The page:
Spinel-bearing spherules condensed from the Chicxulub impact-vapor plume. Denton S. Ebel and Lawrence Grossman. 2005. Geology 33: 293–296
Scientists at the American Museum of Natural History and the University of Chicago have explained how a globe-encircling residue formed in the aftermath of the asteroid impact that triggered the extinction of the dinosaurs. The study draws the most detailed picture yet of the complicated chemistry of the fireball produced in the impact.
The residue consists of sand-sized droplets of hot liquid that condensed from the vapor cloud produced by an impacting asteroid 65 million years ago. Analyses conducted by Ebel and Grossman show that the droplets must have condensed from the cooling vapor cloud that girdled the Earth following the impact. Ebel and Grossman base their conclusions on a study of spinel, a mineral rich in magnesium, iron and nickel contained within the droplets.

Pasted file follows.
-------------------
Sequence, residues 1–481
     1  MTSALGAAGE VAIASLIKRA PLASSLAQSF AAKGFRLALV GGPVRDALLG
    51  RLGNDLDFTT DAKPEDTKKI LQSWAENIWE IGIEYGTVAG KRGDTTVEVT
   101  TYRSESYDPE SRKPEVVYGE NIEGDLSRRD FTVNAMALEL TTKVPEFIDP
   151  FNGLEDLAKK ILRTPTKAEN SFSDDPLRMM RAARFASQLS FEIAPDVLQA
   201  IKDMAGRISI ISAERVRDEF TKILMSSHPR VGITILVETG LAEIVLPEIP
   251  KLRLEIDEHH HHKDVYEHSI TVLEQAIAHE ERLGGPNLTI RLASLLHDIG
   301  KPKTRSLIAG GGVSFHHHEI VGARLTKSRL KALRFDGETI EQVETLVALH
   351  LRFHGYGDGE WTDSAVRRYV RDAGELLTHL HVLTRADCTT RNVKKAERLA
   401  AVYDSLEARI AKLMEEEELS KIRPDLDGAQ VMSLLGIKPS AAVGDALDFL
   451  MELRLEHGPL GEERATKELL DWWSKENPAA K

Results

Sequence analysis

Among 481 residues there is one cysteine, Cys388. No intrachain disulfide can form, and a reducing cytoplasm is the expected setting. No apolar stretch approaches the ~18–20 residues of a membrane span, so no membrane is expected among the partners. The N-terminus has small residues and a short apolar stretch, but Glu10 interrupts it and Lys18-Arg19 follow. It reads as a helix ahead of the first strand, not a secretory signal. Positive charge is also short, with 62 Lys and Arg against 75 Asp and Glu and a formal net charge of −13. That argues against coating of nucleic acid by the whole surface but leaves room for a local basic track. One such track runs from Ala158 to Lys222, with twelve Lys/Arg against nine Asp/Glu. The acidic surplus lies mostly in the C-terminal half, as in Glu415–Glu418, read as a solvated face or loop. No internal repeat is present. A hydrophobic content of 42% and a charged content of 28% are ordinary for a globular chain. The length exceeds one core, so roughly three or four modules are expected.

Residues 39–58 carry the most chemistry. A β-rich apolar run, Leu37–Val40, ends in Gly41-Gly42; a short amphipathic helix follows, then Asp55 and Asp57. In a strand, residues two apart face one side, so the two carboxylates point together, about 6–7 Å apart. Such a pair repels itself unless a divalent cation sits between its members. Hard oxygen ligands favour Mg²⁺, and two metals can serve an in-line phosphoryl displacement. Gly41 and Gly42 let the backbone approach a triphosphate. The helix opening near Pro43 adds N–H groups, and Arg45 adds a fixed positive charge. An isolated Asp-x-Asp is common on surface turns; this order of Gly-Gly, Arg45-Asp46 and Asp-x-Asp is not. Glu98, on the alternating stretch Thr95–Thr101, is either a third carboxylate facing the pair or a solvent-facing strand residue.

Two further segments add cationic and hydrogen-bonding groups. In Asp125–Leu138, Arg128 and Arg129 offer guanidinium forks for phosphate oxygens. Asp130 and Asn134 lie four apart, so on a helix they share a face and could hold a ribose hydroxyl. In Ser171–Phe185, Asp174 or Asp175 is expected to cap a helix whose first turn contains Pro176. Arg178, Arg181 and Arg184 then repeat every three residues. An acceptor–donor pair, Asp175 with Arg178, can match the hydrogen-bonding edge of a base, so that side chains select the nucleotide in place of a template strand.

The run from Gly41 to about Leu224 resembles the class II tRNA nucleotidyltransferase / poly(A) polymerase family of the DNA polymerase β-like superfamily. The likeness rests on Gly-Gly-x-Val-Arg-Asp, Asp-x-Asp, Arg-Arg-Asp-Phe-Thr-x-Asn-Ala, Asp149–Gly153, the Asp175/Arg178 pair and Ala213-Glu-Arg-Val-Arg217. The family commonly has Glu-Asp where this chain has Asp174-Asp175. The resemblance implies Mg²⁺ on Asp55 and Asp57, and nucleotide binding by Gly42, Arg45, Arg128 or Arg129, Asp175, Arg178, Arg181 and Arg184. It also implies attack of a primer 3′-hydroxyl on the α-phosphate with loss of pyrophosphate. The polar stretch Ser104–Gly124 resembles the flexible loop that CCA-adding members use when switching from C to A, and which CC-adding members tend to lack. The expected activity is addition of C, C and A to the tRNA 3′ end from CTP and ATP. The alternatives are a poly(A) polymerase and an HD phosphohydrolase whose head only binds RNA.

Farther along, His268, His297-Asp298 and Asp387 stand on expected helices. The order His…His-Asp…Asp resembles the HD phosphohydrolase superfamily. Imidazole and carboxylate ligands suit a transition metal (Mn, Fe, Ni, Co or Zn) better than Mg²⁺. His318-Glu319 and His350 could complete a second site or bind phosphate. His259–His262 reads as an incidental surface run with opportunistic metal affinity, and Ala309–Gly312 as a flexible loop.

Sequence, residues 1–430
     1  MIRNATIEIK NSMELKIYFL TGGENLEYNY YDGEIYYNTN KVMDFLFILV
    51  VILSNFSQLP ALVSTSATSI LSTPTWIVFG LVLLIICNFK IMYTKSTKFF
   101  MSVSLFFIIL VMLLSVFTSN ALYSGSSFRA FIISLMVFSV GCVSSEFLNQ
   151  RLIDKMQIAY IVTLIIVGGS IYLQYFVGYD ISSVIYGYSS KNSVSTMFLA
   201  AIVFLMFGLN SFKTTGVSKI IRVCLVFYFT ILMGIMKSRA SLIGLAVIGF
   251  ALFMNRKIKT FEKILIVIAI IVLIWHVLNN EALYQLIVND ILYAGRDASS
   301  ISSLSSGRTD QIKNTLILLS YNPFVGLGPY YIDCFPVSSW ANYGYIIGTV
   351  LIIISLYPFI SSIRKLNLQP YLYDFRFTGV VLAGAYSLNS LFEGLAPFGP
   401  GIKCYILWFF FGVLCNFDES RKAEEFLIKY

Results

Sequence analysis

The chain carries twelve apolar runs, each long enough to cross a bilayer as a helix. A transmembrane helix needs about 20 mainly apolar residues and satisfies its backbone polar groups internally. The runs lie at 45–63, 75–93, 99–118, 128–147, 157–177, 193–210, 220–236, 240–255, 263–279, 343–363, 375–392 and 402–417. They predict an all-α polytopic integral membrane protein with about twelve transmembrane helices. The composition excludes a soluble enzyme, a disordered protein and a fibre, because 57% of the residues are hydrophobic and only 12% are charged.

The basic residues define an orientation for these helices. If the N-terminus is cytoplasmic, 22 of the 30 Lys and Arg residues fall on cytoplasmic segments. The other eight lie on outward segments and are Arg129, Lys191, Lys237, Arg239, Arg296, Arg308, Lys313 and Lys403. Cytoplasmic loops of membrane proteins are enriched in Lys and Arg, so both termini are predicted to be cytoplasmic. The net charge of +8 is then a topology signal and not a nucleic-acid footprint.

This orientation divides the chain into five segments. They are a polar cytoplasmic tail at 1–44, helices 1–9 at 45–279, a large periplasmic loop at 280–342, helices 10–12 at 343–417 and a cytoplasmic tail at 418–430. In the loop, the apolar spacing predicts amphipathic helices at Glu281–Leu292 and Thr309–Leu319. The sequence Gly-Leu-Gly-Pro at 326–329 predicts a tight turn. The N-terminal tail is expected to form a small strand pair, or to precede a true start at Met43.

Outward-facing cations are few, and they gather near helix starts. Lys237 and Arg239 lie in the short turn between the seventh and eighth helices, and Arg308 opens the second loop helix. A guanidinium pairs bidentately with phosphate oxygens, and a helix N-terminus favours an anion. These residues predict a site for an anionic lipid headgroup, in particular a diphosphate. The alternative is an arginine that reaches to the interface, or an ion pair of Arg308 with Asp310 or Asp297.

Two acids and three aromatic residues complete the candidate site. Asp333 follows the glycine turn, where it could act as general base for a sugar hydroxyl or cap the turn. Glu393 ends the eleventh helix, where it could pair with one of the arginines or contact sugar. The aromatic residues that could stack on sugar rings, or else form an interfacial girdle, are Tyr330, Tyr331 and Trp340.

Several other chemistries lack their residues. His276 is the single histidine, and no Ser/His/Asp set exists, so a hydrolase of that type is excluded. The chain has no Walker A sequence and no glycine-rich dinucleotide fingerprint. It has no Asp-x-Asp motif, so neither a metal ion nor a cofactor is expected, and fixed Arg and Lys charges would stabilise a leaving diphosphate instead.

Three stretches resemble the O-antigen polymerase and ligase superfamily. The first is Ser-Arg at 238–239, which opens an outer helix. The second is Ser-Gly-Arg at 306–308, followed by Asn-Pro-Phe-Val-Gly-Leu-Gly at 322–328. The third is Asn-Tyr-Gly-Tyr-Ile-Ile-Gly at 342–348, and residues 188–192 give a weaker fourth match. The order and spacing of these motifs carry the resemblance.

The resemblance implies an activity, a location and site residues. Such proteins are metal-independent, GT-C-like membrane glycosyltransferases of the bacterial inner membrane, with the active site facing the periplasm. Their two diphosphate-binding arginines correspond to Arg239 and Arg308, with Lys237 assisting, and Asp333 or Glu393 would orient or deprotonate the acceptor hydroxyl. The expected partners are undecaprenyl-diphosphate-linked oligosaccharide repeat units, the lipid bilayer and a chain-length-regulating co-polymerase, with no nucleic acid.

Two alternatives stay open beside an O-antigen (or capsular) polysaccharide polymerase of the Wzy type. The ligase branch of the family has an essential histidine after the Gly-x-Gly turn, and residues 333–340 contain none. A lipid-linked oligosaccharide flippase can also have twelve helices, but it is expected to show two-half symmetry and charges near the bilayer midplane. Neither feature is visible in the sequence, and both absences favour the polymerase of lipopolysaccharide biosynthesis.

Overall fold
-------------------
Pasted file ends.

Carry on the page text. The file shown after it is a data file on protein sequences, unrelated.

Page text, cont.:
When the asteroid struck approximately 65 million years ago, it rapidly released an enormous amount of energy, creating a fireball that rose far into the stratosphere. "This giant impact not only crushes the rock and melts the rock, but a lot of the rock vaporizes," Grossman said. "That vapor is very hot and expands outward from the point of impact, cooling and expanding as it goes. As it cools the vapor condenses as little droplets and rains out over the whole Earth."
This rain of molten droplets then settled to the ground, where water and time altered the glassy spherules into the clay layer that marks the boundary between the Cretaceous and Tertiary periods. This boundary marks the extinction of the dinosaurs.
Their computer simulations show how rock vaporized in the impact would condense as the fireball cooled from temperatures that reached tens of thousands of degrees. The simulations paint a picture of global skies filled with a bizarre rain of a calcium-rich, silicate liquid, reflecting the chemical content of the rocks around the Chicxulub impact crater.
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